Advance in Shaping Rheological and Functional Properties of Systems Based on Cereal Biopolymers

A special issue of Polymers (ISSN 2073-4360). This special issue belongs to the section "Biomacromolecules, Biobased and Biodegradable Polymers".

Deadline for manuscript submissions: closed (25 April 2024) | Viewed by 10519

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Department of Food Technology and Human Nutrition, Institute of Food Technology, College of Natural Science, University of Rzeszow, Zelwerowicza Street 4, 35-601 Rzeszow, Poland
Interests: physicochemical and rheological properties of malto-oligosaccharides based on chemically modified starches; physicochemical and rheological properties of starch of various botanical origins; analysis of rheological properties of flour and dough based on flour systems with plant additives with health-promoting properties; the content of bioactive ingredients and antioxidant properties of nuts; functional food; development of functional bread with health-promoting features
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Guest Editor
Department of Food Technology and Human Nutrition, Faculty of Biology and Agriculture, Rzeszow University, Zelwerowicza 4, 35-601 Rzeszow, Poland
Interests: secondary metabolites; chromatographic techniques; polyphenols; antioxidant activity; wine chemistry; biological activity of plant-origin food
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Guest Editor
Department Food Technology and Human Nutrition, Institute of Food Technology, College of Natural Science, University of Rzeszow, Zelwerowicza 4 St., 35-601 Rzeszow, Poland
Interests: assessment of the suitability of cereal in bakery and novel food production; baking value of wheat, rye, and triticale flour; quality of wheat and rye dough; gluten-free food; functional food; food industry by-products; development of new food products
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Guest Editor
Department Food Technology and Human Nutrition, Institute of Food Technology, College of Natural Science, University of Rzeszow, Zelwerowicza 4 St., 35-601 Rzeszow, Poland
Interests: carbohydrates; starch; hydrocolloids; gels; rheological properies; thixotropy
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Special Issue Information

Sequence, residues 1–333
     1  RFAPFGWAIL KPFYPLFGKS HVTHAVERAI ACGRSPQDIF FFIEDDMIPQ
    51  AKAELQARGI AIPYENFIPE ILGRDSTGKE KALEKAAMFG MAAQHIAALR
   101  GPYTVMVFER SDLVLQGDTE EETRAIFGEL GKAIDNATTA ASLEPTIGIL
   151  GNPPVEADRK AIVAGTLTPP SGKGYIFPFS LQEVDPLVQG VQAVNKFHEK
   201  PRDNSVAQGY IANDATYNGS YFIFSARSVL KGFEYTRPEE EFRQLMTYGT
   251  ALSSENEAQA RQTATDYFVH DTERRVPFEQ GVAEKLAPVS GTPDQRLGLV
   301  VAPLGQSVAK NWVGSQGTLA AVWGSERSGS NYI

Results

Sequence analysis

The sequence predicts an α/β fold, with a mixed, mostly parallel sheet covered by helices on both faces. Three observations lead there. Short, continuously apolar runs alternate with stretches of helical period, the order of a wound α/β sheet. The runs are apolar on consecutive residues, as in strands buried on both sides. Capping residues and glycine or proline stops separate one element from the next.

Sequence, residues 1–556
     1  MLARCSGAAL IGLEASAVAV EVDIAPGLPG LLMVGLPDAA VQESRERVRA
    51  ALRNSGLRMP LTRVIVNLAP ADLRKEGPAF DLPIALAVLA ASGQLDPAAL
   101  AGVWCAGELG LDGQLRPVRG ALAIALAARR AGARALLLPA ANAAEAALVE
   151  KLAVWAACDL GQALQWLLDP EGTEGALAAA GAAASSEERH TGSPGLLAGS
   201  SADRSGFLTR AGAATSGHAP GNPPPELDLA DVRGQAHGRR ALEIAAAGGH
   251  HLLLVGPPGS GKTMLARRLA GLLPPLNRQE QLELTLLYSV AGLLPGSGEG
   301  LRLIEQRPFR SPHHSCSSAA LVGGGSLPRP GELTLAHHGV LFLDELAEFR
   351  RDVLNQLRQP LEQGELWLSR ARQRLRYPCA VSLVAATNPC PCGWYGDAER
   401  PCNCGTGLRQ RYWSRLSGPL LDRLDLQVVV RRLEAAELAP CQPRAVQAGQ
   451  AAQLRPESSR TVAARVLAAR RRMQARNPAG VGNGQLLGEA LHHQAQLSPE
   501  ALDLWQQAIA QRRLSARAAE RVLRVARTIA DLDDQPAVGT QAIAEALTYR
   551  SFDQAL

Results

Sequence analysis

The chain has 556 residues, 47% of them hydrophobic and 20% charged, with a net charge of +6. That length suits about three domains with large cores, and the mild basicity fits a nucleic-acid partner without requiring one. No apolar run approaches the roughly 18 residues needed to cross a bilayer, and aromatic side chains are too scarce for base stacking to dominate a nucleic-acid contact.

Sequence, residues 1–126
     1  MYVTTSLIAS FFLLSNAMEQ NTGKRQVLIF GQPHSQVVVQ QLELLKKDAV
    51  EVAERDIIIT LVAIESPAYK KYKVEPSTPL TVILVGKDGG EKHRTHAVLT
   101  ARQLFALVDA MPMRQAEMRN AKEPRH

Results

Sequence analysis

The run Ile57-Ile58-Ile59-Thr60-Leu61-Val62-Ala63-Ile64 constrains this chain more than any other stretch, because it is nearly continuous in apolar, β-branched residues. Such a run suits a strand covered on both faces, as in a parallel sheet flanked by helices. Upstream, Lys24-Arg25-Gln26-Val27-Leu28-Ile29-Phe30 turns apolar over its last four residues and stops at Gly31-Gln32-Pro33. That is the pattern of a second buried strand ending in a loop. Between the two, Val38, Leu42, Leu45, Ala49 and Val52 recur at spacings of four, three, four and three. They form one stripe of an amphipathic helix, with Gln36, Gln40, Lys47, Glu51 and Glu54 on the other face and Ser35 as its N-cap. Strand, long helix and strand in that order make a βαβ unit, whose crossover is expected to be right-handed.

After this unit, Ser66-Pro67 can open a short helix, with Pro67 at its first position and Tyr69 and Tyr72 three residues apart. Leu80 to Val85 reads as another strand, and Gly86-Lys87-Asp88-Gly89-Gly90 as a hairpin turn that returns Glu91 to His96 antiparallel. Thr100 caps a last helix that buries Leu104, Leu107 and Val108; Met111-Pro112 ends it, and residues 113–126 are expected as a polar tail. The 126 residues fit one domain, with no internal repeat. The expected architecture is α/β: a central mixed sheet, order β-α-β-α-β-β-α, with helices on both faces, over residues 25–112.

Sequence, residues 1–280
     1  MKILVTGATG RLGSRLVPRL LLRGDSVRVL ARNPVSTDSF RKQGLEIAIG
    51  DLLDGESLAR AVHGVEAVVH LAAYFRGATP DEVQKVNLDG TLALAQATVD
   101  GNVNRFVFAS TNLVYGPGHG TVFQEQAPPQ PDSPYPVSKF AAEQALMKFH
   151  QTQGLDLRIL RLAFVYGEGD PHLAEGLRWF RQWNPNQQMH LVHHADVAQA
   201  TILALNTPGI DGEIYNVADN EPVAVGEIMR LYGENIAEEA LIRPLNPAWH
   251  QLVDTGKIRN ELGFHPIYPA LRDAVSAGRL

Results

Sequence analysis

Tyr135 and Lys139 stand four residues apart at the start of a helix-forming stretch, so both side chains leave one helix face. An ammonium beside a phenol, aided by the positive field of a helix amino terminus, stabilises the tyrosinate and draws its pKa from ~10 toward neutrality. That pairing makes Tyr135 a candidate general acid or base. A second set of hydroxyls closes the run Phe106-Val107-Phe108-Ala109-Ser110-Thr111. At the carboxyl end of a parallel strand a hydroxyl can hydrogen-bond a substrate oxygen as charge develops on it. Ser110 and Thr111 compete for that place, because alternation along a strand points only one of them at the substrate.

Cereal biopolymers are widespread around the world. Bio-renewal, ease of production and wide application in the food and non-food industries are just some of their features. Cereal starch biopolymers differ in rheological and functional properties from potato biopolymers. Similarly to multi-component systems with their participation, the addition of various technological components can shape their new properties, as well as a number of chemical, physical, or enzymatic modifications. The effect of technological components on the rheological properties of dough based on cereal flour and non-grain flour is also interesting. In this aspect, it is also interesting to make gluten-free dough and shape its properties under the influence of various modifications and addition of ingredients.

Keywords

  • biopolymer
  • cereal
  • starch
  • rheological properties
  • functional properties
  • flour
  • dough

Published Papers (4 papers)

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15 pages, 1593 KiB  
Article
Influence of the Addition of Vital Wheat Gluten on Thermal and Rheological Properties of Triticale Flour
by Karolina Pycia, Joanna Kaszuba, Zuzanna Posadzka and Lesław Juszczak
Polymers 2023, 15(8), 1870; https://doi.org/10.3390/polym15081870 - 13 Apr 2023
Cited by 2 | Viewed by 1818
Abstract
The aim of this study was to evaluate the effect of the addition of vital wheat gluten to triticale flour on its thermal and rheological properties. In the tested systems (TG), triticale flour from Belcanto grain was replaced with vital wheat gluten in [...] Read more.